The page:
From: Scott Dickerson
I have a large number of small investors who have less than $25,000 under management with me. A typical 12B-1 fee would pay me $56.87 at that amount, barely enough to compensate me for monitoring, managing, advising, newsletters, service calls, updating new account forms, compliance related issues, etc. I am already losing money on most of these accounts. Without a 12B-1 fee, which for many of these accounts is the sole revenue, I cannot afford to keep these clients on the books. I would be forced to "fire" them as clients and let them fend for themselves. If you doubt this, then look at the increasing rising minimums from no load funds like Vanguard. They recognize the true cost of small accounts. These fees are disclosed. If the investor is ok with the fee, then why should the government tell them it's not ok? The little guy is just losing out on places to help them invest. In some ways, I hope they end these fees because I would immediately let go most of these clients. It would give me a reason to let them go and it could clean up my book. Is this doing the small investor a service? I think not. If this come about, it will only reinforce an industry trend toward high minimums for managing accounts and charging fees--better for me and the value of my practice, but again, probably not so good for the small investor.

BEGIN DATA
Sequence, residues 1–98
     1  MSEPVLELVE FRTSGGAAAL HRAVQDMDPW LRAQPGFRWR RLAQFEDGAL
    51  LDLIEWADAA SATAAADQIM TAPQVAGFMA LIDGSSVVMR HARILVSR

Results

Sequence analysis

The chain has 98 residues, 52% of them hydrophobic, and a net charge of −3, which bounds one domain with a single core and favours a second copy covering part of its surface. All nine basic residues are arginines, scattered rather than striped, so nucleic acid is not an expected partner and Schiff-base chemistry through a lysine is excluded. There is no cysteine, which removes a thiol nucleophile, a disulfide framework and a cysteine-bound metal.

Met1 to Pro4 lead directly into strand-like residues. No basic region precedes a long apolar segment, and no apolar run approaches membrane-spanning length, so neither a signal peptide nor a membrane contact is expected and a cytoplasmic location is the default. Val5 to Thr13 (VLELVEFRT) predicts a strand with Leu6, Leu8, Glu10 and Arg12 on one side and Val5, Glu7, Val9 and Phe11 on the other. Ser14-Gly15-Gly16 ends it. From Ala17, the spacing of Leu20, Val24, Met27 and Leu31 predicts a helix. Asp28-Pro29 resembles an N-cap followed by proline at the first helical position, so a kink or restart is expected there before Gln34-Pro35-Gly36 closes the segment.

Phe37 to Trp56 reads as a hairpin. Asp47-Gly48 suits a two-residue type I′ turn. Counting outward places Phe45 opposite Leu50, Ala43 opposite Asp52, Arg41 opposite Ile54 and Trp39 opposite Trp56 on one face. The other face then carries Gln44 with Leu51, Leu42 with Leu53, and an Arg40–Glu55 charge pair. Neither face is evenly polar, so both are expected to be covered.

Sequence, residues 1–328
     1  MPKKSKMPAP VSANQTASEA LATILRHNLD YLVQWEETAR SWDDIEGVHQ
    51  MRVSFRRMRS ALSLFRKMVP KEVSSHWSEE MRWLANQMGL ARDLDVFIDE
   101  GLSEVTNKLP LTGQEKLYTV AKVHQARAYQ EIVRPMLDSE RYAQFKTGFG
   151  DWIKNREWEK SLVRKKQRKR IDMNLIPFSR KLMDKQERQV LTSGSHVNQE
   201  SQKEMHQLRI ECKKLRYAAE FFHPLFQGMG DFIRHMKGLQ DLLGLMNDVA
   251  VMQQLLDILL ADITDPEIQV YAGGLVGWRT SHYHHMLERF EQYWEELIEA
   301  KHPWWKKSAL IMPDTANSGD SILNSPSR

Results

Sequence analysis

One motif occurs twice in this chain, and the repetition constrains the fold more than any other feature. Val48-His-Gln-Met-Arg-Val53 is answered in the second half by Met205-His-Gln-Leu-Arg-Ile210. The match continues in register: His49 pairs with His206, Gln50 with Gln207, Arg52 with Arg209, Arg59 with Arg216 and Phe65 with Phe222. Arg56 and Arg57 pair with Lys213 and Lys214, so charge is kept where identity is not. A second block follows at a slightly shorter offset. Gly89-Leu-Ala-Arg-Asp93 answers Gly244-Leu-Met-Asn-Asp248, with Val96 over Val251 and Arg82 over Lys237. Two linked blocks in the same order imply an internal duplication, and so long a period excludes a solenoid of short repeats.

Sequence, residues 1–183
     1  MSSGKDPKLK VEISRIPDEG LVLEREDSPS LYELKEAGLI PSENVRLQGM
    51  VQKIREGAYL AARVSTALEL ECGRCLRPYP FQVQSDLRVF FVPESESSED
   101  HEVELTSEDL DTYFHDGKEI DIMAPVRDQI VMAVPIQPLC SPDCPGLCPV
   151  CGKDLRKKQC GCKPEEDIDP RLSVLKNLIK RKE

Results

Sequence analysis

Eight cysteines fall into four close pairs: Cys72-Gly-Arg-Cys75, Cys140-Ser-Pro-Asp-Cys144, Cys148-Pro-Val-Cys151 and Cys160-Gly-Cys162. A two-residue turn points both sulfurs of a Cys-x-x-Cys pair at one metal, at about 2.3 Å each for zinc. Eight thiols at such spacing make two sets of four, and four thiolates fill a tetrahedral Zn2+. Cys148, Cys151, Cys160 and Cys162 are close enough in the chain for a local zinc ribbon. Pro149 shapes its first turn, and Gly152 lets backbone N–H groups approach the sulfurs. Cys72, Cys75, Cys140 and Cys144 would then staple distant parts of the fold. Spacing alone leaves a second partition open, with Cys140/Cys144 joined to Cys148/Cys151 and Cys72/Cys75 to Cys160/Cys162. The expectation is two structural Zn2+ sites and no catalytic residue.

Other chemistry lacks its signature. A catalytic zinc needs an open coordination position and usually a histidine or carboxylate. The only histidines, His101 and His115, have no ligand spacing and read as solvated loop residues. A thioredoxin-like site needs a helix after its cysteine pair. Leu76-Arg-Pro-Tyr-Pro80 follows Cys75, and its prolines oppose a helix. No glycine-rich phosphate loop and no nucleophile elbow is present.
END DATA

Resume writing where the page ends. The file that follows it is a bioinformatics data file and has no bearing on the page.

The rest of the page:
Scott Dickerson, ChFC